As we waited for our 1pm appointment, I engrossed myself in worship music. I streamed K-LOVE and encountered songs including "Even If" by MercyMe and "God of Possible" by Katy Nichole. I interpreted this as a divine encounter and as God reaffirming that everything would be okay. I had witnessed miracles happen before - people's cancerous tumors disappearing, my sister-in-law receiving a kidney after being on an extensive donor list, individuals coming to know Christ after previously renouncing Him. This circumstance wouldn't be too much for Him. All it would take is a snap of His finger and he could ensure this baby's healing.


We first met with the genetic counselor who was able to break down the gibberish my OB was speaking earlier. Trisomy 18 (T18) occurs in 1 in 6,000 births and is considered fatal. It occurs more commonly as a mother ages, but can randomly occur in younger moms. It is a result of a third copy of the 18th chromosome making it almost impossible for babies to develop normally making them "incompatible with life". She stated that because I was going to be turning 35 soon and because of other factors including my ethnicity, weight, etc, the chances of our baby girl having T18 increased to 6 out of 10 or 60%. This would leave a 40% chance of her not having it at all, but we wouldn't know for sure without a confirmed diagnosis through amniocentesis.


We then met with the maternal fetal medicine doctor who provided the potential next steps. We could have an amniocentesis performed, but would need to wait another couple of weeks before doing so. This test was considered the gold standard with a 99.9% accuracy rate, but would also increase the chance of miscarriage by about 1%. He mentioned that we could have an ultrasound done before performing the amniocentesis and if there weren't any findings consistent with T18, we could forgo the procedure altogether.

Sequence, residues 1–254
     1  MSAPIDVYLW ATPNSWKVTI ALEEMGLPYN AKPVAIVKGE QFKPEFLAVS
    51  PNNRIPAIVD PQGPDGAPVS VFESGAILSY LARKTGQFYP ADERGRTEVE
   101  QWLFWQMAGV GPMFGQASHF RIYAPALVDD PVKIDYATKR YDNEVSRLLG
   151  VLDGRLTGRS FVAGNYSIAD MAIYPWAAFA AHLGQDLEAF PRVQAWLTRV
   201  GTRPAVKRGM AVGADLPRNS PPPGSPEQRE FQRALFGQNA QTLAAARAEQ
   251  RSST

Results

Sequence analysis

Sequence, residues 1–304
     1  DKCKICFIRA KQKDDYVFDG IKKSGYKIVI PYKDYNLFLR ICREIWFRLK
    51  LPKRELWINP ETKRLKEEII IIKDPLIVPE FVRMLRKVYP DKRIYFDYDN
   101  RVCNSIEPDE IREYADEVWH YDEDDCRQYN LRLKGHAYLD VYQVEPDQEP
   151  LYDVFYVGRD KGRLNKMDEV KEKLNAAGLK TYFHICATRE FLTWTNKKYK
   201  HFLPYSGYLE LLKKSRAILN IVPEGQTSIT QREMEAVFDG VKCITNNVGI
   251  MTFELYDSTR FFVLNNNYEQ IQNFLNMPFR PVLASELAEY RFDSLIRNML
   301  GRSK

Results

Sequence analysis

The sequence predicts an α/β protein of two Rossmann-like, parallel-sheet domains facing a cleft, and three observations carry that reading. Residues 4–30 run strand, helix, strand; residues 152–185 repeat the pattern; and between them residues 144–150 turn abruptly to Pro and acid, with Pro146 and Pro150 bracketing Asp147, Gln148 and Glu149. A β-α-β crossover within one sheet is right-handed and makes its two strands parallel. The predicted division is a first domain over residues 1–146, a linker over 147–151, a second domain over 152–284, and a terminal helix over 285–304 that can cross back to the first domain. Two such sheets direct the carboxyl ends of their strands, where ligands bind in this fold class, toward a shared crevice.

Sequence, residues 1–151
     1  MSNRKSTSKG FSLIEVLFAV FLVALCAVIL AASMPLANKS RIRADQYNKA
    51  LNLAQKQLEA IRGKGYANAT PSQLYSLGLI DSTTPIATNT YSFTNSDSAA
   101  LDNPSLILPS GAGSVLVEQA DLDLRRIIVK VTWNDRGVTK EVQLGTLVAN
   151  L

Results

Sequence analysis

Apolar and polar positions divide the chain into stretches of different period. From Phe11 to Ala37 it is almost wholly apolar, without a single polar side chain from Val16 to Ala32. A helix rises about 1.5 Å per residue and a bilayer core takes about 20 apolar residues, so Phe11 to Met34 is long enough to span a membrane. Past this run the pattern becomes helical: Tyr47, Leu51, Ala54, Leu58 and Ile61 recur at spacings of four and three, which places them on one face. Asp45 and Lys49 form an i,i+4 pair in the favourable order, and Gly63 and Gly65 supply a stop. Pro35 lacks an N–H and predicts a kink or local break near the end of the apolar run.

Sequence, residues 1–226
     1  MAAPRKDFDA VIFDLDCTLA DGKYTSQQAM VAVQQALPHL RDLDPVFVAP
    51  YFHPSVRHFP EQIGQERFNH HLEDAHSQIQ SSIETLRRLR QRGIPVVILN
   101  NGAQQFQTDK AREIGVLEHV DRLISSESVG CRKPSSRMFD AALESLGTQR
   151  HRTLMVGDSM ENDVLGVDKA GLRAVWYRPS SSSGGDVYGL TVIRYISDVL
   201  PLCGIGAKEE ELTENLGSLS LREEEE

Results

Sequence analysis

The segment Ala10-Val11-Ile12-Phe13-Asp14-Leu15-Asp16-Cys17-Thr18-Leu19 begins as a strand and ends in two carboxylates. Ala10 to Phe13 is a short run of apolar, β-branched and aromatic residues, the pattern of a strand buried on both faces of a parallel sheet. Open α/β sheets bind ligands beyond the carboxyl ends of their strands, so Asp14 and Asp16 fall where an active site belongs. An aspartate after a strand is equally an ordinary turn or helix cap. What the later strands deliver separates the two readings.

We were now faced with sharing this news with our families and our kids. Just weeks before, we were so excited to share our pregnancy with everyone and now, here we were, faced with so many unknowns. We sat our kids down and told them that they were going to have a baby sister, but there was a possibility that she would be sick. We told them it was okay for them to be sad, but we didn't know anything for sure yet. We wanted them to feel validated by any emotion they felt. We encouraged them to ask questions and we would answer them as best we could. That night, we decided to go out for dinner. Mike asked me what I wanted to eat...easy answer: Mexican. Always. On the way to the restaurant, we listened to "Here Comes the Sun" by the Beatles and instantly deemed it "Sunny's song".

"Little Darlin' - it's been a long, cold, lonely winter. Little Darlin' - it feels like years since it's been here. Here comes the sun, doo-do-do-do. Here comes the sun and I'll say - it's alright."

I remember turning to Mike and saying, "maybe we'll sing this song to Sunny when she is born perfectly healthy and as we are enjoying the warmth of summer together as a family of 5. Maybe we'll look back at this and think it was just another road block we had to get past."


Little did we know we would be entering a deep period of refinement through the next several months.